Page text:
When to get rid of absolute value sign in separable differential equations

Let's say you have the differential equation:

dy/dx = ky

seperation of variables gives:

dy/y = kdx

integrating both sides:

ln |y| = kx + C

=> |y| = Ce^kx

Now most textbooks seems to just get rid of the absolute value sign, but are you really allowed to do that? I can only imagine it being allowed if you at the same time impose the restriction C > 0 on the free parameter. I'd appreciate any input on this! :)

Re: When to get rid of absolute value sign in separable differential equations

You're allowed to do that because by definition of an absolute value inequality: If $\displaystyle \displaystyle \begin{align*} |x| = a \end{align*}$, where $\displaystyle \displaystyle \begin{align*} a > 0 \end{align*}$, then $\displaystyle \displaystyle \begin{align*} x = \pm a \end{align*}$.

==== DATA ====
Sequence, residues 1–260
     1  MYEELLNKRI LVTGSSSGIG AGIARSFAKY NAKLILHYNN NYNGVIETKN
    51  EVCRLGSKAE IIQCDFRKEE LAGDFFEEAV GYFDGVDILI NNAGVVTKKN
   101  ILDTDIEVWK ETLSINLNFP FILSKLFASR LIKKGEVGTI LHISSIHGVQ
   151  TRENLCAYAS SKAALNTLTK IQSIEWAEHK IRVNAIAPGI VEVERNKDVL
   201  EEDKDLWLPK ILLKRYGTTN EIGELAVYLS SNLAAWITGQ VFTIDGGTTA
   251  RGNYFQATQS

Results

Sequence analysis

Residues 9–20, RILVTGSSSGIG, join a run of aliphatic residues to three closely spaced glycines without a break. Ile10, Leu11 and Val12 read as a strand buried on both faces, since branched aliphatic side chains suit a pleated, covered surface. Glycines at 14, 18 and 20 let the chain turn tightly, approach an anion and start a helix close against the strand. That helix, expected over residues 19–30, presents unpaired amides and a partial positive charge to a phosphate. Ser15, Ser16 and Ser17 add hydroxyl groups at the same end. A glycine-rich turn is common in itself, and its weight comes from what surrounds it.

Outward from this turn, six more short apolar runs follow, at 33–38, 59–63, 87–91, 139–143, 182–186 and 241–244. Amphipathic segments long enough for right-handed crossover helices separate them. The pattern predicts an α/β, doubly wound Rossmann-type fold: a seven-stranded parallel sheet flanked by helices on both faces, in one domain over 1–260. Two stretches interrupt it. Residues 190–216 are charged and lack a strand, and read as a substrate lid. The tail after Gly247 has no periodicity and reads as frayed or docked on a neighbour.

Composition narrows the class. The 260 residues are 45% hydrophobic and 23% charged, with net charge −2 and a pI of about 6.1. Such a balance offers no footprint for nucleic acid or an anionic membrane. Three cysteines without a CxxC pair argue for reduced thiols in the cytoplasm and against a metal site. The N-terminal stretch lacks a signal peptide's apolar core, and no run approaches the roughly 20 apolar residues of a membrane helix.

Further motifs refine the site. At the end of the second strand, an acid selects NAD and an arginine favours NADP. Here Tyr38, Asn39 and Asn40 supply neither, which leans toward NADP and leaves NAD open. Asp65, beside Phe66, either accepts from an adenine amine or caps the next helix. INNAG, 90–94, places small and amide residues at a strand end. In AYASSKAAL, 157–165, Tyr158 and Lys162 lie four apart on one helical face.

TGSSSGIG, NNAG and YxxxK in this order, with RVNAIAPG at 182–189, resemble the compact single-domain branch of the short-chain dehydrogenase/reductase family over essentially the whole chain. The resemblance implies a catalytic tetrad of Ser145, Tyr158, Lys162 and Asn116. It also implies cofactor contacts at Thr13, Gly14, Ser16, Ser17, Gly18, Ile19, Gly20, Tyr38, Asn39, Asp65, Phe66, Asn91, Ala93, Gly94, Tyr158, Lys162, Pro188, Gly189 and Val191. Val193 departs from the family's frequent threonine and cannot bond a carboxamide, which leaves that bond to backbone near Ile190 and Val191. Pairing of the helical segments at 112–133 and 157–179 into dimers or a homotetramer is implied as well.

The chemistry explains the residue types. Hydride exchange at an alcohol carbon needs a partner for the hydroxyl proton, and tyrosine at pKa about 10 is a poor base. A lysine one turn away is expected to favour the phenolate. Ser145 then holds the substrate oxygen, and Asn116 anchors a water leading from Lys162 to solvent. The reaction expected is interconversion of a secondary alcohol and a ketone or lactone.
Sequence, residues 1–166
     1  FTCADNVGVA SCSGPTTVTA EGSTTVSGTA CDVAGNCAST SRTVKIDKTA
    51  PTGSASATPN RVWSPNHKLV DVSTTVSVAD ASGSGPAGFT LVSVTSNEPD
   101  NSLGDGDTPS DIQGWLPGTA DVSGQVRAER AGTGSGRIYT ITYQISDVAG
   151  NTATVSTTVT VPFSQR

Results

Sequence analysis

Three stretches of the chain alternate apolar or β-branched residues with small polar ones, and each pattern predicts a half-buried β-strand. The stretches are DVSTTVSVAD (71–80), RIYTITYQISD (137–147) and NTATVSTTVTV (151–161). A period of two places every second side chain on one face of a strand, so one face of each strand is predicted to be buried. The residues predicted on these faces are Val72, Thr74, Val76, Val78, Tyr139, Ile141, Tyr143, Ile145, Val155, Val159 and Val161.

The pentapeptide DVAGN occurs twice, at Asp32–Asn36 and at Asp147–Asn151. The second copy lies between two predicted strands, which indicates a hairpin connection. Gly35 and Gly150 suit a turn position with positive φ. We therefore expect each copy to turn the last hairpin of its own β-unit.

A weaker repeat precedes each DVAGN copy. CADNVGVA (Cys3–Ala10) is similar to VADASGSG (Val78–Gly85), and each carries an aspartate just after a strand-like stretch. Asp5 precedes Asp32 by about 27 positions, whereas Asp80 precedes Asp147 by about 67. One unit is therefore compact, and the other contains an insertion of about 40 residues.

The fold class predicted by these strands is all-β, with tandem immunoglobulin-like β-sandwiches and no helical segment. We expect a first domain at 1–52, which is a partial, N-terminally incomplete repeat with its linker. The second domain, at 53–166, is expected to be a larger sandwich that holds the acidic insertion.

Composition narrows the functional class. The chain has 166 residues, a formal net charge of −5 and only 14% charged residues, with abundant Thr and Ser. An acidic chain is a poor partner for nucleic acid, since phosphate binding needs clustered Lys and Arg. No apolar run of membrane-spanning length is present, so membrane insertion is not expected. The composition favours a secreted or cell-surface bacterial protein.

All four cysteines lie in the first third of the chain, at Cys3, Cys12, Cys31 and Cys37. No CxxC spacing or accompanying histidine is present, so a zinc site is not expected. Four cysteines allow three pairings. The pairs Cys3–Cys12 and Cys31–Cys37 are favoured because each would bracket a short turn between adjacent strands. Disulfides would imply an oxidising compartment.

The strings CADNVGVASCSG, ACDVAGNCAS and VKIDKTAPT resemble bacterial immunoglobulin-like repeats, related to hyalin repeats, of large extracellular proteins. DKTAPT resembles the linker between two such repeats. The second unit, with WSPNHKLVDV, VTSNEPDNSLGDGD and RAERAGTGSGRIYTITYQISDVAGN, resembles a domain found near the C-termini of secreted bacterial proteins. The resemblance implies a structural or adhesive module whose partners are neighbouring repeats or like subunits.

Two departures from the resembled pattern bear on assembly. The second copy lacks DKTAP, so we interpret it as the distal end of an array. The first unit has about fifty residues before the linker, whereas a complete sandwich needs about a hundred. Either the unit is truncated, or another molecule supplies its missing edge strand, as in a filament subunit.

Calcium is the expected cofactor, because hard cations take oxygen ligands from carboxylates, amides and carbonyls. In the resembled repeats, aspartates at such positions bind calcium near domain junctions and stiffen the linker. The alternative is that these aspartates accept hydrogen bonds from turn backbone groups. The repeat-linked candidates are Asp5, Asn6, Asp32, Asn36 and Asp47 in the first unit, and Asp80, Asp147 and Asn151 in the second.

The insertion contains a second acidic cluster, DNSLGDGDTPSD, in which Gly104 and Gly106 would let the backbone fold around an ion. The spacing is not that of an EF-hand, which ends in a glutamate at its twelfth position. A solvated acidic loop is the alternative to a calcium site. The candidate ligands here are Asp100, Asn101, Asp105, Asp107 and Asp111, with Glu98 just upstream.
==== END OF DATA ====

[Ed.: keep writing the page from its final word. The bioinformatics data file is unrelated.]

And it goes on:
So when you have $\displaystyle \displaystyle \begin{align*} |y| = C\,e^{k\,x} \end{align*}$, that means $\displaystyle \displaystyle \begin{align*} y = \pm C \, e^{k\,x} \end{align*}$, but a positive or negative constant is still a constant. It's advisable to change the symbol you use for the arbitrary constant after this though...

Re: When to get rid of absolute value sign in separable differential equations

Thanks, I think I get it now! The implicit restriction C>0 is actually there "before" you remove the absolute value, so no need for a restriction when you remove it.